Life and debt
Molly Scott Cato
23rd April, 2009
This budget season, and so a short perambulation around the vexed question of the national debt seems in order. As a nation we've been living with debt for more the 300 years now, since 1694 to be precise, when Scottish privateer William Paterson persuaded the government of the time that creating £1.2 million of IOUs would get them out of their spending difficulties.
His next scam was the so-called Darien venture of selling worthless shares of the Panamanian isthmus, which bankrupted Scotland and forced the Act of Union. A role model for Sir Fred Goodwin, perhaps?
Although an individual who spent their life in debt would be written off by society as a waster, for nation-states this is apparently a quite respectable state of affairs. There are two questions that should be asked from the perspective of green economics: is it fair, and is it sustainable?
On the question of justice one could do worse than consult Percy Bysshe Shelley, our foremost radical poet, who considered the national debt to be a means of transferring wealth from the poor to the rich. Those with spare capital can afford to buy government bonds (promises to pay them back with interest at some future date), allowing a government to spend money now. When the bonds fall due it is the working people who generate cash to repay them. Hence Shelley’s conclusion that the national debt is a system ‘to augment indefinitely the proportion of those who enjoy the profit of the labour of others as compared with those who exercise this labour’.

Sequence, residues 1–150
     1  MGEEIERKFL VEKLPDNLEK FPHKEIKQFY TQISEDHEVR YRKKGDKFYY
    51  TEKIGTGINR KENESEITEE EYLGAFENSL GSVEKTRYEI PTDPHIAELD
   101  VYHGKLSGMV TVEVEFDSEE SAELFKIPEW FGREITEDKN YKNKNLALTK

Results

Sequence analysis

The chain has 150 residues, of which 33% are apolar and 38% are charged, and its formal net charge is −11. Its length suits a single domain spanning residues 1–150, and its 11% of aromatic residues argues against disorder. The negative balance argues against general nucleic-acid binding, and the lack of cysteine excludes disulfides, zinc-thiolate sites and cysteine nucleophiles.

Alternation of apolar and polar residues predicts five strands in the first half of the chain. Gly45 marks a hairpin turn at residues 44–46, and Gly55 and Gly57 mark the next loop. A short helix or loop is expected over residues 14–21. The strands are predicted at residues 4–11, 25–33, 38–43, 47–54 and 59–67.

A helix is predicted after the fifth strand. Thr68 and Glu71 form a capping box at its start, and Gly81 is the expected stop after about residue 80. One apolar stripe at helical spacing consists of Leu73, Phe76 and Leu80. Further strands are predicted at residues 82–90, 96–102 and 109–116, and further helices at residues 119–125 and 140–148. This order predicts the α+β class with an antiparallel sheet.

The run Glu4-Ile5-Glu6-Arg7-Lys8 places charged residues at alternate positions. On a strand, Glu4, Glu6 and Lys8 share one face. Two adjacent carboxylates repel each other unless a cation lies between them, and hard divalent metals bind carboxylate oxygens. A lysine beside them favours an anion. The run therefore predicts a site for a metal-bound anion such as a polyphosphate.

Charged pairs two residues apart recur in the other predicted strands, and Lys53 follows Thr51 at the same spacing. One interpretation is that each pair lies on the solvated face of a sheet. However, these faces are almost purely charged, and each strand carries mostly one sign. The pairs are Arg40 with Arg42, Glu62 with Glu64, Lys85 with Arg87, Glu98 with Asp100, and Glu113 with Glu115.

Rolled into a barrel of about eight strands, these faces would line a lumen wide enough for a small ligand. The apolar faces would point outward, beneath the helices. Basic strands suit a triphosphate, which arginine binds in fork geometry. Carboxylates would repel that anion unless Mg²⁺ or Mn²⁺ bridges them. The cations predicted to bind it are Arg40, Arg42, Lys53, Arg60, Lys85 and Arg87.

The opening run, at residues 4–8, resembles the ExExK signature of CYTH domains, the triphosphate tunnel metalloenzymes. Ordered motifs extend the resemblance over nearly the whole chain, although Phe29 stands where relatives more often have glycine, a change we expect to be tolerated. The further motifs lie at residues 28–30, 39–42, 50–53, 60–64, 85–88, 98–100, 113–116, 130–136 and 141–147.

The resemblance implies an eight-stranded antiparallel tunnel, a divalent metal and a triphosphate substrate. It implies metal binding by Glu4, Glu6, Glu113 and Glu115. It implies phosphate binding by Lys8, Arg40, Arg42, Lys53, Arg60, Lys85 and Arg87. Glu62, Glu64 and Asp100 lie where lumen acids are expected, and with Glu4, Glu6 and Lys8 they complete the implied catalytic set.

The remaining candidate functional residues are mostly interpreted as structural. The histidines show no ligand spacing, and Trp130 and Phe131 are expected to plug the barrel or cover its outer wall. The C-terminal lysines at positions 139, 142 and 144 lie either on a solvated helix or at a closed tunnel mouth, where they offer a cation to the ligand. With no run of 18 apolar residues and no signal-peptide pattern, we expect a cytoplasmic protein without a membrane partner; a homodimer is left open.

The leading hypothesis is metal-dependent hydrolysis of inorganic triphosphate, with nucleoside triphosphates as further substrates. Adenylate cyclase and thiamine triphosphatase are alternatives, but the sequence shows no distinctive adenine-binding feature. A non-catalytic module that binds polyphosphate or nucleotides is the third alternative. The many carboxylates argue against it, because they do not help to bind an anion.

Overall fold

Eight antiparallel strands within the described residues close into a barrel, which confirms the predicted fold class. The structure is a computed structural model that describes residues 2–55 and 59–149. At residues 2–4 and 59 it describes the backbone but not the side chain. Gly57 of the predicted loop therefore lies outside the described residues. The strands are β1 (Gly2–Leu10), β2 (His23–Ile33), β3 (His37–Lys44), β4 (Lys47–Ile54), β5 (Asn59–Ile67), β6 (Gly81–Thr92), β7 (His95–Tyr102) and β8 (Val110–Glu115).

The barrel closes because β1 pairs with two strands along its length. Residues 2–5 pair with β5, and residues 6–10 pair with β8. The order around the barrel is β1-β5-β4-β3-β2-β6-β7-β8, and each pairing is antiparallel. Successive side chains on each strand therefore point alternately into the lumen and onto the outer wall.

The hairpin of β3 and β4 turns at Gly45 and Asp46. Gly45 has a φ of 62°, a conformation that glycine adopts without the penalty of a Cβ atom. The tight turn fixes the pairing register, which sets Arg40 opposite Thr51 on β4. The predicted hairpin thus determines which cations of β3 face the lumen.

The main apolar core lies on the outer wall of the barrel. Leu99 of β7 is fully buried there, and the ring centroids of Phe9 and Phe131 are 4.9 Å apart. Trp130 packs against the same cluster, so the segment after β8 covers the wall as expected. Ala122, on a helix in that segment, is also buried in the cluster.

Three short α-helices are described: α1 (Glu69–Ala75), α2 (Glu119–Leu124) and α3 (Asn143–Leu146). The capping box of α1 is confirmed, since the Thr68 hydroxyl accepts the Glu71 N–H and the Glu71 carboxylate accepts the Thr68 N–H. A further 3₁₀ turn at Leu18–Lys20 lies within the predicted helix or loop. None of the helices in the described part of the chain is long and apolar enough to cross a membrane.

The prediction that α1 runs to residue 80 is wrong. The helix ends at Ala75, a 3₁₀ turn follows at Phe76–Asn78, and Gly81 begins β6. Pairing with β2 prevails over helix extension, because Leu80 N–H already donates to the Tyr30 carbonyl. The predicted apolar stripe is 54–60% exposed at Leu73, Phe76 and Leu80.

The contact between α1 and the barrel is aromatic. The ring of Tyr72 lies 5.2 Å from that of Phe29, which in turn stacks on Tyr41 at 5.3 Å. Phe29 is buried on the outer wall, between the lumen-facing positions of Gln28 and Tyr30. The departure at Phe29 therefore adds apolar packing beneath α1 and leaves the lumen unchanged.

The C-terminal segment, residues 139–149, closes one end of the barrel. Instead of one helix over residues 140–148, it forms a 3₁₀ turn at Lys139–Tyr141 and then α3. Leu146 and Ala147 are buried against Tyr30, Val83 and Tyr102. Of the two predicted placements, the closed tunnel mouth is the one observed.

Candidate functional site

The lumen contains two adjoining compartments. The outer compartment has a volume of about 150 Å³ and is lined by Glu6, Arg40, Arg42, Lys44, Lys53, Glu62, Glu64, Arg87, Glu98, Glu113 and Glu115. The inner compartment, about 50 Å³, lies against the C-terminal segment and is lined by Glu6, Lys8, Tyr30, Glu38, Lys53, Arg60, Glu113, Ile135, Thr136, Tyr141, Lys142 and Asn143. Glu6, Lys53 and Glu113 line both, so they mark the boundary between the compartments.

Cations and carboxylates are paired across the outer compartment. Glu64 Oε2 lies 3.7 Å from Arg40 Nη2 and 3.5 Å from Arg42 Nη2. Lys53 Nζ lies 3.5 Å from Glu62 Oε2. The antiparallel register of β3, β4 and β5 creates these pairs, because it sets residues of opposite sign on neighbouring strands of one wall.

Our national debt is now reaching such spectacular proportions that the chief executive of the Audit Commission, Steve Bundred, recently felt bound to go beyond his remit of monitoring the spending activities of local authorities to warn it was ‘reckless’. Both he and Frank Field MP, who recently called the levels of government borrowing ‘chilling’, alert us to the ferocious political struggles that such fi scal excess will lead to as spending on public services and those employed by them is squeezed.
The consequences for the planet of borrowing, public or private, are equally grim. Creating money is easy – banks persuade someone to borrow it; governments borrow from citizens’ futures – but once it exists it has a right to make a claim on real stuff: the goods and services that require sweat, resources and energy to produce. This is the explanation for economic growth and the reason why, when growth stops, the pyramid selling scheme falls apart.
The ballooning of money, debt and economic activity over the past 100 years or so has been fuelled by the exploitation of fossil fuels. As Richard Heinberg’s idea of the ‘energy slave’ makes clear, such economic growth would be impossible within the confines of the human capacity for sweated labour. Oil especially has allowed us to defy this natural balance at the price of disrupting the carbon cycle that is the fundamental support system of life on Earth. This is the link between fiscal irrectitude and climate change – when our greed outstrips our capacity for work we just allow Mother Nature to pay the price.
The strategy of creating money now, stimulating economic activity and putting off the problem into the future has run its course. A stable and just money system is vital to develop a democratic global society: it would go a long way towards restoring a rightful relationship with our precious planet and other nations, and is the real answer for any politician pledging to end boom-and-bust cycles.
Molly Scott Cato is a reader in green economics at the Cardiff School of Management.
This article first appeared in the Ecologist May 2009
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